According to new research, one in four men in the UK diagnosed with erectile dysfunction (ED) is now under the age of 40. This is despite the fact that ED is more traditionally associated with men in middle age and beyond. It is thought that in younger men, the causes are more likely to be psychological rather than physical.
Mental health conditions including depression, stress and anxiety are well-known causes of ED. According to some sex therapists, the vastly increased availability of pornography is also contributing to a rise in body dysmorphia, performance anxiety, and sexual inhibition in younger men.
The Kinsey Institute for Research in Sex, Gender and Reproduction refers to this phenomenon with the acronym PIED (pornography-induced erectile dysfunction). However, it’s an issue that is still in the early stages of research, and experts hold differing views on the matter.
Sexual therapist Dr Catherine Hood says: “In younger men, ED is often rooted in psychological issues such as anxiety, depression and sexual inhibitions. There is also evidence that easy access to pornography is an increasingly common factor.”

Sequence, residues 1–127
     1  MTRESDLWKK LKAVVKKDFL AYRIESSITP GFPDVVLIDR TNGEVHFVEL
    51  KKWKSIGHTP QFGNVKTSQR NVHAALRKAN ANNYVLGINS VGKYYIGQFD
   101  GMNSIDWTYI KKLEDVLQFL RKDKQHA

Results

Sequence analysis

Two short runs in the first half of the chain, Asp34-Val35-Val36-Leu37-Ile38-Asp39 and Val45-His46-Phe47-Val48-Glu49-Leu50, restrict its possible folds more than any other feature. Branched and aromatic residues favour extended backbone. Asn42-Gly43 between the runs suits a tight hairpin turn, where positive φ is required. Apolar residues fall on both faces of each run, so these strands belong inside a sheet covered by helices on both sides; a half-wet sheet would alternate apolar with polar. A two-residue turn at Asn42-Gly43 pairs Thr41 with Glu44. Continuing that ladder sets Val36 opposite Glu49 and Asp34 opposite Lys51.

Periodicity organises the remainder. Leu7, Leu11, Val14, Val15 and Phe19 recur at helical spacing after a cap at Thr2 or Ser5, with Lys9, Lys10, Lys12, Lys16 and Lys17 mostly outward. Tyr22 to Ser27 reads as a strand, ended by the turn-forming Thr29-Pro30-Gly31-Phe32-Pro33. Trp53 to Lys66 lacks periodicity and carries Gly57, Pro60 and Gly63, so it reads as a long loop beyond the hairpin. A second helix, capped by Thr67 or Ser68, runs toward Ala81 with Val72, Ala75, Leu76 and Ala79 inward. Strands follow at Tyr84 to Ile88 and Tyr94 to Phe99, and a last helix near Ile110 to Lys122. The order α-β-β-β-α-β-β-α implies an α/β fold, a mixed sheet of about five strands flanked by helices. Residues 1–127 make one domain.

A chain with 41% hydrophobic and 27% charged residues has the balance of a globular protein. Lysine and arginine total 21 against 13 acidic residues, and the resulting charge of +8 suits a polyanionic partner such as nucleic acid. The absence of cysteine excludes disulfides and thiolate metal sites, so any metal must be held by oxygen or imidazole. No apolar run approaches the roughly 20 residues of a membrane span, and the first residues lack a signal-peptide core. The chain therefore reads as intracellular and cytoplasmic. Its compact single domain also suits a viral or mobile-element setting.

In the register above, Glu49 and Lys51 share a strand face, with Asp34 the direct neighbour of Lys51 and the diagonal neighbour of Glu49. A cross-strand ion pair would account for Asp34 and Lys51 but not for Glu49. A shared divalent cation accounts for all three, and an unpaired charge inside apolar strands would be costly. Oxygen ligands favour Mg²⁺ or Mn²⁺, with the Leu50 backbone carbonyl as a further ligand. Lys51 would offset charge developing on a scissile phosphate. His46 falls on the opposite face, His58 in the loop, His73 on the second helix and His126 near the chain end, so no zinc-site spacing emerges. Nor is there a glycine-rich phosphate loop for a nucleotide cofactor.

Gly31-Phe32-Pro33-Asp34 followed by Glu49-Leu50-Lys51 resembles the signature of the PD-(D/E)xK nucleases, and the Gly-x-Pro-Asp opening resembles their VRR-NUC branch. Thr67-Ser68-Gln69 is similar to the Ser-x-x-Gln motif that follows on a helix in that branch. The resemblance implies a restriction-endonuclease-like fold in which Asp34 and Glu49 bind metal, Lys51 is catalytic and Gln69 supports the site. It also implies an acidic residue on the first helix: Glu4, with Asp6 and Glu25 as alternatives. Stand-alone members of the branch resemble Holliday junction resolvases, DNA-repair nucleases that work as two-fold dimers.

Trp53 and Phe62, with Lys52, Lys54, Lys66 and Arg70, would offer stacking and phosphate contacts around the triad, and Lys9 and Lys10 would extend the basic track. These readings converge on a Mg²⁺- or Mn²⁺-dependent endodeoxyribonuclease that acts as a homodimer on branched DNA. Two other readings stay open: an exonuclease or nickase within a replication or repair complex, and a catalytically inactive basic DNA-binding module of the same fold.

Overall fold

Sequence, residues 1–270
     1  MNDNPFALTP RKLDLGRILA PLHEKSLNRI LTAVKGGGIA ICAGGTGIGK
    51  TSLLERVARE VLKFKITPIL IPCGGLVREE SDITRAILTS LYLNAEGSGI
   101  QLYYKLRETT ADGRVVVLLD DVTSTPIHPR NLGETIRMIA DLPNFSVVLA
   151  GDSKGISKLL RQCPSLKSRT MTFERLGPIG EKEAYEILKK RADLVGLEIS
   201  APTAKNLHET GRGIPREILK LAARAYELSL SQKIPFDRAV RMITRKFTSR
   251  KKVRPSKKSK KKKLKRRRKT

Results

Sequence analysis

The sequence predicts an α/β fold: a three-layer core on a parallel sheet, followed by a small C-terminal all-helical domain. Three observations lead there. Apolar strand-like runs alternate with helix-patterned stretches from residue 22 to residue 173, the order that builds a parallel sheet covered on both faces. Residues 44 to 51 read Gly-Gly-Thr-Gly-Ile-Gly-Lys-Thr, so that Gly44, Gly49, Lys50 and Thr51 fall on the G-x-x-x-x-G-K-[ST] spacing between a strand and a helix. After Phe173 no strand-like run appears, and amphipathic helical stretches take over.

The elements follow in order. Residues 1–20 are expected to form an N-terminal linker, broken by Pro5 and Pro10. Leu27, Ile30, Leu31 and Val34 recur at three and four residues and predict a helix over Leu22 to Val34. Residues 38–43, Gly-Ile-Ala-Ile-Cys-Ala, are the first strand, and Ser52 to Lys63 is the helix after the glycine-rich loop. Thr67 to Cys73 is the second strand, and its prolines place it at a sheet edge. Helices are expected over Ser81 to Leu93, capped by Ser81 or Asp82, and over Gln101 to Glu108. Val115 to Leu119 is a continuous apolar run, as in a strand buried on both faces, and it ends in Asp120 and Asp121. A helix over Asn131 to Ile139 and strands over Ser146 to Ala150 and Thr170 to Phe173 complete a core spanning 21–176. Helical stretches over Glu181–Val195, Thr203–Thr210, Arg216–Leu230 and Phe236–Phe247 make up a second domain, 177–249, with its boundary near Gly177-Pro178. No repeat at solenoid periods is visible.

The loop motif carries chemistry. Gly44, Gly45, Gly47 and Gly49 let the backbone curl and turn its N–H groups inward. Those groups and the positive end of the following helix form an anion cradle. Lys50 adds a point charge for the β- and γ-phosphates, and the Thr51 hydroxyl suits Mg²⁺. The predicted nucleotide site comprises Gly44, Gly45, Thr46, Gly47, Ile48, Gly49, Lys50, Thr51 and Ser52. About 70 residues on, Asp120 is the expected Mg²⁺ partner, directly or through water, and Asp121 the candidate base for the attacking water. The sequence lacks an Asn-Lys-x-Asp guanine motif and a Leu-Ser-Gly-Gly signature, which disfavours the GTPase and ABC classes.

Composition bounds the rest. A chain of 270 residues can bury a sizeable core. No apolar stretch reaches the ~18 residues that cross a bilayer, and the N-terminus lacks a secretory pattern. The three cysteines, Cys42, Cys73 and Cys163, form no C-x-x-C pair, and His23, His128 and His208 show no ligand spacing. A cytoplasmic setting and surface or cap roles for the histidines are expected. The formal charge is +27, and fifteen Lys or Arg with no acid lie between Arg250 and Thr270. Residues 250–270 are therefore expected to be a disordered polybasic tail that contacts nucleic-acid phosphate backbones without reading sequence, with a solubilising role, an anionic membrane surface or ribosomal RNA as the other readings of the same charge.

She continued: “The main issue is that pornography increases expectations. You don’t go and watch a Marvel movie and come out thinking you can fly. It’s fantasy. But people watch porn and think that’s reality.”
It is important to point out that this is a subjective opinion, and some researchers even think that porn could help men to overcome ED. Whatever the truth of the matter, it’s likely the situation is slightly different for all men, with no one single reason to blame for their problems.
Those who advocate for men to use porn less or avoid it altogether claim that increased exposure to hardcore images over time desensitises their natural sexual response, making it harder for them to become aroused when they are with a sexual partner.
The unrealistic body images of both men and women in porn may create false expectations in less sexually experienced men, who find it difficult to become turned on by a person with a ‘normal’ figure.
It may also lead to some men putting themselves under unnecessary pressure to achieve a certain idealistic body shape, which is very difficult to acquire without an intensive diet and exercise programme and a certain genetic inheritance.
Furthermore, a third of men with ED also report poor mental health, which could either be the cause or the result of their sexual difficulties. Dr Hilary Jones says: “We know that ED often causes anxiety and depression so it’s very difficult to know which came first, their erectile dysfunction or poor mental health.”
Whether the cause of ED is ultimately mental or physical, it’s important to get all symptoms checked out by a doctor to rule out a serious underlying health condition.
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